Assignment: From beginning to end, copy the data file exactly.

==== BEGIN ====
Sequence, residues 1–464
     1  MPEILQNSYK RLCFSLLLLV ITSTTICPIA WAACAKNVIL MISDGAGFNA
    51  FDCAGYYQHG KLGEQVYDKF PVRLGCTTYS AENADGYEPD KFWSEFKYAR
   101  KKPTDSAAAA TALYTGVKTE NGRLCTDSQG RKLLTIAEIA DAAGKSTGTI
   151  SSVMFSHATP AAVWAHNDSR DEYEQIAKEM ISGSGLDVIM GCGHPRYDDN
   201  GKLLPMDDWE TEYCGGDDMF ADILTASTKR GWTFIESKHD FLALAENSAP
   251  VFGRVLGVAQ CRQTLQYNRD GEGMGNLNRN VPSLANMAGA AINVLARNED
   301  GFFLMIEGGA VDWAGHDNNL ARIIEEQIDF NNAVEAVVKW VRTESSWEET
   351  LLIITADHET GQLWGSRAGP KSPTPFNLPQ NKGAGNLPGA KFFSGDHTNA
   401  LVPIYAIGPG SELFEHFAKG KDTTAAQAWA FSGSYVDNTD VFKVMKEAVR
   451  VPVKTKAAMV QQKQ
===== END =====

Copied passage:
Sequence, residues 1–464
     1  MPEILQNSYK RLCFSLLLLV ITSTTICPIA WAACAKNVIL MISDGAGFNA
    51  FDCAGYYQHG KLGEQVYDKF PVRLGCTTYS AENADGYEPD KFWSEFKYAR
   101  KKPTDSAAAA TALYTGVKTE NGRLCTDSQG RKLLTIAEIA DAAGKSTGTI
   151  SSVMFSHATP AAVWAHNDSR DEYEQIAKEM ISGSGLDVIM GCGHPRYDDN
   201  GKLLPMDDWE TEYCGGDDMF ADILTASTKR GWTFIESKHD FLALAENSAP
   251  VFGRVLGVAQ CRQTLQYNRD GEGMGNLNRN VPSLANMAGA AINVLARNED
   301  GFFLMIEGGA VDWAGHDNNL ARIIEEQIDF NNAVEAVVKW VRTESSWEET
   351  LLIITADHET GQLWGSRAGP KSPTPFNLPQ NKGAGNLPGA KFFSGDHTNA
   401  LVPIYAIGPG SELFEHFAKG KDTTAAQAWA FSGSYVDNTD VFKVMKEAVR
   451  VPVKTKAAMV QQKQ